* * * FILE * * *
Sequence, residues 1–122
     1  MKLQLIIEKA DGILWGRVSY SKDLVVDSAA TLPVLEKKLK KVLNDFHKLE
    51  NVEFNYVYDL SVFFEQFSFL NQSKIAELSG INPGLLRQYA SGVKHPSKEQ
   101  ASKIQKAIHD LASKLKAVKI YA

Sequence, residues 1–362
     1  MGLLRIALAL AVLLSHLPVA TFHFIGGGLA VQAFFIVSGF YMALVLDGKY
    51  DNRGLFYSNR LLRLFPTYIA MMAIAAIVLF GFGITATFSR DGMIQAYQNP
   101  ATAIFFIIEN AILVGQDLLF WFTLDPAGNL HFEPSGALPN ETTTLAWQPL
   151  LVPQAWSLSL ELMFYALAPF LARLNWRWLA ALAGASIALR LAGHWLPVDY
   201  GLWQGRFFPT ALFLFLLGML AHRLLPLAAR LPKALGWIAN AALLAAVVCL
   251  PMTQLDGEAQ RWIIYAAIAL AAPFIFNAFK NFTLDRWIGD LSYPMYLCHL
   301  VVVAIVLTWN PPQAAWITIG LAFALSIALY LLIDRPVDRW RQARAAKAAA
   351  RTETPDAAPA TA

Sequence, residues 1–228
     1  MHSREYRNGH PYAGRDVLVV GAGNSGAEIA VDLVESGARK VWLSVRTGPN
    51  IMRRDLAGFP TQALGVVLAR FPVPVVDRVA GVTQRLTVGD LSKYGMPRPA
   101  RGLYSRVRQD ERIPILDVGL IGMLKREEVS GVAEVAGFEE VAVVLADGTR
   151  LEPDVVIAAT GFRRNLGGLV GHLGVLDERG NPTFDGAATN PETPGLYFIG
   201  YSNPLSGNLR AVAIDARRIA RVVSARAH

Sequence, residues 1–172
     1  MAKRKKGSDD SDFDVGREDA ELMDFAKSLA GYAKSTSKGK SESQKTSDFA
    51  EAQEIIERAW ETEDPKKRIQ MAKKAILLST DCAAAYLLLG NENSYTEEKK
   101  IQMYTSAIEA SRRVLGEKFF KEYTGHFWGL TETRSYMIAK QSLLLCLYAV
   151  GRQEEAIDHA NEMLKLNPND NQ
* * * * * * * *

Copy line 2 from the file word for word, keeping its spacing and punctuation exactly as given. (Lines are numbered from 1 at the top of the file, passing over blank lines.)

     1  MKLQLIIEKA DGILWGRVSY SKDLVVDSAA TLPVLEKKLK KVLNDFHKLE